Thursday Comics Hangover: The Fix is in

Last week’s big book news was obviously the first issue of the Black Panther from Ta-Nehisi Coates and Brian Stelfreeze, but there was another debut that deserves your attention, too. Nick Spencer and Steve Lieber’s new series The Fix is a crime comic with relatively small stakes, but it’s entertaining as hell — funny, dirty, and charming all at once.

Spencer and Lieber earned a cult following with their work on Marvel’s Superior Foes of Spider-Man series, which was a funny heist comic featuring some D-List Spider-Man villains. Foes was for a while my favorite book from the big two superhero publishers, with its self-effacing sense of humor and twisty plot. Spencer’s script doesn’t skimp on the words; the pages are full of word balloons and captions that amplify our understanding of what’s on the page. (He never over-explains, or steps on the artist's job.) And Lieber’s art is clear, character-based, and packed with fun details.

The Fix is a heist comic starring a pair of terrible human beings. It’s basically Foes with all the superhero pretenses taken out. (And let’s be honest: the superhero trappings were the worst part of Foes; the story only fell apart when characters had to explain why they were dressed up in funny outfits.) And because it’s published by Image, Lieber and Spencer get to cram all the sex talk and violence and swearing they want in there.

I can’t give away too much of what The Fix is about without ruining the fun, but it opens with a heist gone wrong, continues with a character study of a dirty cop, and then raises the stakes into a caper that can’t possibly end well, with a perfect little cliffhanger ending. Every twist has a second twist layered on top of it, and none of those storytelling reversals feels manufactured or cheesy. Spencer’s dialogue — kind of Elmore Leonard-y, though with more semen jokes — keeps things running smoothly. (Seriously, there’s a lot of sex talk. You should be warned that occasionally the chat leans in the direction of gay panic, but it always skitters away at the last minute.)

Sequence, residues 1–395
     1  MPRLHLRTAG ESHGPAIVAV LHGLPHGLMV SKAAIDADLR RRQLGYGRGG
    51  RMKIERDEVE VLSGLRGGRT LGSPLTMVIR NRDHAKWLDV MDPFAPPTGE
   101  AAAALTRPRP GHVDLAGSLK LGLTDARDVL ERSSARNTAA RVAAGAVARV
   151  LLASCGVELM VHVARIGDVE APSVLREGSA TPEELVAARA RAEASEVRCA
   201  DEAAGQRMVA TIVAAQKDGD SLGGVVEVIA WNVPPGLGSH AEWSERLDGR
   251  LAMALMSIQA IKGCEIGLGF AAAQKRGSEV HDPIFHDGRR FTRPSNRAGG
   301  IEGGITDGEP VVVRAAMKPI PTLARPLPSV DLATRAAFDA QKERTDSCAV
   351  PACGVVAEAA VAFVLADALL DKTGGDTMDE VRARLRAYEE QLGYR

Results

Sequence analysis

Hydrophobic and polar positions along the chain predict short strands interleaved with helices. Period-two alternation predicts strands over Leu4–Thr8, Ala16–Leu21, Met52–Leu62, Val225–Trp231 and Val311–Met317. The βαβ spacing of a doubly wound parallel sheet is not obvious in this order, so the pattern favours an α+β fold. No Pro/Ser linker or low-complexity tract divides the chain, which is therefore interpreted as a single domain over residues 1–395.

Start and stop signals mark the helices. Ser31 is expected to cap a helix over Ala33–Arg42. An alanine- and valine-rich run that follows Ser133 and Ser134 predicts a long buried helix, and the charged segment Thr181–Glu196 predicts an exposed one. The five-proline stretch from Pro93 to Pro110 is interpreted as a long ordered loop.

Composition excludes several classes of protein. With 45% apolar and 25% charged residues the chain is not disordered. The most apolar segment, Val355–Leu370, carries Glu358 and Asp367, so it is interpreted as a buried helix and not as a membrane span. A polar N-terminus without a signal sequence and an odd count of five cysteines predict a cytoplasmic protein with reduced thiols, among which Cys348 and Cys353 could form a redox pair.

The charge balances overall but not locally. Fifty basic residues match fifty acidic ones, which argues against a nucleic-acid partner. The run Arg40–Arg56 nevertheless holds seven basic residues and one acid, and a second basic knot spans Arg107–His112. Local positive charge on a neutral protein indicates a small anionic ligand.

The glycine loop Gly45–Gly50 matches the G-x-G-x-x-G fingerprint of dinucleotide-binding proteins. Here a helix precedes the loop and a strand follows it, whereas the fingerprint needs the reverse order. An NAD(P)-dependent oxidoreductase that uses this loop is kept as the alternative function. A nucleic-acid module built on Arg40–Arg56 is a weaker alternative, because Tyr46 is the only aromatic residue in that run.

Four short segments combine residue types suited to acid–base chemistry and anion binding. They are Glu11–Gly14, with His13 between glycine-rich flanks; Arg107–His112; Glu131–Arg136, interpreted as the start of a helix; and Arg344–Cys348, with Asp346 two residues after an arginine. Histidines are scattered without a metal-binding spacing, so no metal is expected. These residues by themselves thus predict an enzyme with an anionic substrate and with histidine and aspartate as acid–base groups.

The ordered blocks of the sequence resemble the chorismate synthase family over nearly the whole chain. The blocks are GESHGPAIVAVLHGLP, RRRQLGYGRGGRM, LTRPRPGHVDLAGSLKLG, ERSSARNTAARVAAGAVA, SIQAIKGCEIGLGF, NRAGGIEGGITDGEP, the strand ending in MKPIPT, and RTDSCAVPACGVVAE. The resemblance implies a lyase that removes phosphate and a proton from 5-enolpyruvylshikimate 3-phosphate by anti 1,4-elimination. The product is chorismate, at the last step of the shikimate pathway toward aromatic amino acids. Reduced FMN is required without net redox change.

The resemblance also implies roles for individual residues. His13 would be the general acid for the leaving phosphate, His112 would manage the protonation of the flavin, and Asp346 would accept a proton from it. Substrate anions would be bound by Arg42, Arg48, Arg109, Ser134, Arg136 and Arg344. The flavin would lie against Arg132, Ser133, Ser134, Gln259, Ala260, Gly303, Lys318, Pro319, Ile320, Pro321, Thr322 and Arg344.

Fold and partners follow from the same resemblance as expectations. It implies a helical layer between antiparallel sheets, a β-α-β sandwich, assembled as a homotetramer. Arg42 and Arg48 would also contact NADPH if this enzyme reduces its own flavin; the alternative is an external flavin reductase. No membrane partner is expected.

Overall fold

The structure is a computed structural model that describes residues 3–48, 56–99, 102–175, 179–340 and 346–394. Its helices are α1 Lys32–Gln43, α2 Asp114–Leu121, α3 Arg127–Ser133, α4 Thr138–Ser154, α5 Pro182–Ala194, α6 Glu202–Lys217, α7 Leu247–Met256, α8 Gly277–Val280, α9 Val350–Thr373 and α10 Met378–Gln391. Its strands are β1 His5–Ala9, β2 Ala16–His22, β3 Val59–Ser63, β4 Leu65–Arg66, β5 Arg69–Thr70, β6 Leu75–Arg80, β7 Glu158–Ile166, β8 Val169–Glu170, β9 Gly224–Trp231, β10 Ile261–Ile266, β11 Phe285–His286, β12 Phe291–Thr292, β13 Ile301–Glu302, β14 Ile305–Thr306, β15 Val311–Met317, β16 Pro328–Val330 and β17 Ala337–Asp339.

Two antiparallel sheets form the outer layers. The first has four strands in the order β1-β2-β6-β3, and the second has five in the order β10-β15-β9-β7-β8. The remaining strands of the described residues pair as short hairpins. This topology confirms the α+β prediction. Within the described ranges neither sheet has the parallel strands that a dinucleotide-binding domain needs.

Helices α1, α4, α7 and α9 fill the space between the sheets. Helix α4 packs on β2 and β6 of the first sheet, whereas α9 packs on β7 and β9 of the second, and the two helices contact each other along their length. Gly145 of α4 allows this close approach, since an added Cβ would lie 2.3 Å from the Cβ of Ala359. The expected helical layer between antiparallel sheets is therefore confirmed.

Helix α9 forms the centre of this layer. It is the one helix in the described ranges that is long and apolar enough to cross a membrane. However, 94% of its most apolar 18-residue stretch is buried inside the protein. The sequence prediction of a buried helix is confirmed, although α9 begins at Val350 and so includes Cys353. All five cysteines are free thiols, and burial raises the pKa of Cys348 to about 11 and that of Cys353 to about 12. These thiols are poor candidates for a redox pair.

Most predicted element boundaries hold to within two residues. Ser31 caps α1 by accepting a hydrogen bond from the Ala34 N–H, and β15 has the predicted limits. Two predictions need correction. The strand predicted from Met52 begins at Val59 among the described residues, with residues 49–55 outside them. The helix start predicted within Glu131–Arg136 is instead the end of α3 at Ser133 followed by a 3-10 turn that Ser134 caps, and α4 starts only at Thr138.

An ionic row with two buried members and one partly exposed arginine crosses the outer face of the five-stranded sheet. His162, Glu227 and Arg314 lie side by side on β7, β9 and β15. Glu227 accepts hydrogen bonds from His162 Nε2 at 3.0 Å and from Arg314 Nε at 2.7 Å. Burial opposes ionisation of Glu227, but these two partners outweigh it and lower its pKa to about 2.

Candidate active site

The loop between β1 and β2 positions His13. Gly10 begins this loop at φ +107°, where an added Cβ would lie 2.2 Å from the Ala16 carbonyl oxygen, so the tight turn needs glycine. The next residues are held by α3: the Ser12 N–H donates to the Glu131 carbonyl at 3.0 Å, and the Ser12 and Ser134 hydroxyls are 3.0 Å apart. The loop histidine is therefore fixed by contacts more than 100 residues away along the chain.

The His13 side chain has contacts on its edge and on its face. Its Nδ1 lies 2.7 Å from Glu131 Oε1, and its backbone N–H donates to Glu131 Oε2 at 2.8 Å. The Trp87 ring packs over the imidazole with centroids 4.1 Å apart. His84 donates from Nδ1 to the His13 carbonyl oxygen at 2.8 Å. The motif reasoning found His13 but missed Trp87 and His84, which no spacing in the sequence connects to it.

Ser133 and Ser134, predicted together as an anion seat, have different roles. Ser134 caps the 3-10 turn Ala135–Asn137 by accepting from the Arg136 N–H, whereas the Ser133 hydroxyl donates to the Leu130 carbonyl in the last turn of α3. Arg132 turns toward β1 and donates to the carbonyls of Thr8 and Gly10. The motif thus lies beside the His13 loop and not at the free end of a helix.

The Fix is at the very crest of a tidal wave of heist comics coming at us. This week saw the first issues of Jackpot (a decent heist comic that suffers a bit from terrible art) and Heartthrob (a very promising ghost story/heist comic), and the next few weeks will see the debut of another series called 4 Kids Walk Into a Bank. The question has to be whether an ongoing serial medium like comics can sustain the amped-up pressure that the crime genre demands. I’d expect at least half of these series to flag after a few issues, but Lieber and Spencer proved with Foes that they could keep a crime story going for at least three fairly thick trade paperbacks. I’d expect The Fix to keep running on high power for the next few years.